Law forcing doctors to participate in assisted suicide temporarily blocked

A New Jersey judge has temporarily blocked a law that would allow physician assisted suicide on terminally ill patients.  The law was scheduled to go into effect August 1.

The law was blocked after a physician claimed the practice would be a violation of religious freedom protections in the U.S. Constitution, as well as a violation of laws that currently criminalize suicide.

Dr. Yosef Glassman is an Orthodox Jew who is opposed to facilitating suicide both due to his religious beliefs and his profession as a doctor. 

Under the law, doctors who object to performing assisted suicide must refer the patient to another doctor who will help them end their life.

Dr. Glassman’s lawsuit says the demand on doctors is “not only a violation of the rights to practice medicine without breaching the fiduciary duties owing to those patients … but also violations of their First Amendment rights under the United States Constitution to freely practice their religions in which human life is sacred and must not be taken.”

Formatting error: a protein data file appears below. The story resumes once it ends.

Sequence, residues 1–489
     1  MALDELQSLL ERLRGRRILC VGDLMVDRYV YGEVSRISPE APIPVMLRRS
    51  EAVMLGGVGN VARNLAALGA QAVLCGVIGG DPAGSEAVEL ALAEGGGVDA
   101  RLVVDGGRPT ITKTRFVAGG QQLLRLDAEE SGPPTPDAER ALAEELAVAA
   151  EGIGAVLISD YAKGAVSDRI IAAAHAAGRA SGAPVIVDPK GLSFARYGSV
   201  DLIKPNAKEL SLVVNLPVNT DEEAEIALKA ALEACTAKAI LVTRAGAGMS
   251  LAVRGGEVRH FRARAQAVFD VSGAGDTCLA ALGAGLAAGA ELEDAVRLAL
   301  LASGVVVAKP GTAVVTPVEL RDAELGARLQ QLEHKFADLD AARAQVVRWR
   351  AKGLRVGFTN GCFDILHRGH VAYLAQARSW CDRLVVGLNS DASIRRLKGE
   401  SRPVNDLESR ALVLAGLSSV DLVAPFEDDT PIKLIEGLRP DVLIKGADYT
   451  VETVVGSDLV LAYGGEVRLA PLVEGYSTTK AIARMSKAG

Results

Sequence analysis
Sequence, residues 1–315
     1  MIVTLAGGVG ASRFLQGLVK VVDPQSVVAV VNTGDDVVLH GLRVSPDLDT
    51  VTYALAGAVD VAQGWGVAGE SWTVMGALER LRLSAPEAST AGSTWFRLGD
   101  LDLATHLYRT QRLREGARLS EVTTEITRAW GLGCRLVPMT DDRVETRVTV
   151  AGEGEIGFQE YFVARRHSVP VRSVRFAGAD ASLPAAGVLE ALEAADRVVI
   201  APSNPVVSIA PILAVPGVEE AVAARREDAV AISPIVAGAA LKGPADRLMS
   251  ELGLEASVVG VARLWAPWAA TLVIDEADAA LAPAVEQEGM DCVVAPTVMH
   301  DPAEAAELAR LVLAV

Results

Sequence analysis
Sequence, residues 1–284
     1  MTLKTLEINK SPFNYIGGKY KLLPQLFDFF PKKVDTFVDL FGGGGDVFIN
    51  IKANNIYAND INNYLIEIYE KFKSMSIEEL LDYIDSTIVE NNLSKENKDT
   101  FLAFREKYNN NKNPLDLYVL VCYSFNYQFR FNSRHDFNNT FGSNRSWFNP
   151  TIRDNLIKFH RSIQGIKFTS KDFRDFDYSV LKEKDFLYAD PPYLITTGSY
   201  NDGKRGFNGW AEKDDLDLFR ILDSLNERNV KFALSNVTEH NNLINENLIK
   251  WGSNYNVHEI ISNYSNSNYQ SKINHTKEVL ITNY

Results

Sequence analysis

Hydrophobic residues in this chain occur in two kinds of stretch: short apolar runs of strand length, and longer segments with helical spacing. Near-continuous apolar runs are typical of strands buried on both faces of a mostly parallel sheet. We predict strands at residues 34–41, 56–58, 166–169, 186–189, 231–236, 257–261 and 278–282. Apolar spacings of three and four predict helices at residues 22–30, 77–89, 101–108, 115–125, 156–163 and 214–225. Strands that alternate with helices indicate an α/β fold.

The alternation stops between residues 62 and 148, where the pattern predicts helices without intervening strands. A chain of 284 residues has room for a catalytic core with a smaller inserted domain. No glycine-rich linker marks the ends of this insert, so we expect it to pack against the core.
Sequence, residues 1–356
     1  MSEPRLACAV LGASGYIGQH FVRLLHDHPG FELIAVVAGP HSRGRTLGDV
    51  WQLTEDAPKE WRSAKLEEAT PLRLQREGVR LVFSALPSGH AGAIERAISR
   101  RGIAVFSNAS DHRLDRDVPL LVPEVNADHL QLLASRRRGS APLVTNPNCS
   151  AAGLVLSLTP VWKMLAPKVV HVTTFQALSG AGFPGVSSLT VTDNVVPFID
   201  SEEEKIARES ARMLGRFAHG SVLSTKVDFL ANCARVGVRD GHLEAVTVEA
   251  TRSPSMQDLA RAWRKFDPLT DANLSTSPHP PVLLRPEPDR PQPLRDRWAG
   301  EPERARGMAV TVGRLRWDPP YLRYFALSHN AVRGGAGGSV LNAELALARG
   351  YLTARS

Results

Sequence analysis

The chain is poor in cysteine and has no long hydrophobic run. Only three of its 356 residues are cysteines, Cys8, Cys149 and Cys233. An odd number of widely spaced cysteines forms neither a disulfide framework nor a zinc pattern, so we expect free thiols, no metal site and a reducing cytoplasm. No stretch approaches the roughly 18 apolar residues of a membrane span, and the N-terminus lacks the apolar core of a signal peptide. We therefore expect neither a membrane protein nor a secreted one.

New Jersey Gov. Phil Murphy signed the bill into law last April, which made The Garden State the seventh state to allow the practice.

 “We’re going to fight it,” Gov. Murphy said. 

Two doctors must sign off on a patients’ request to end their life and the patient must administer the drug himself or herself. 

Judge Paul Innes of Superior Court in Mercer County signed the temporary order last Wednesday blocking the law. A hearing is set for October.


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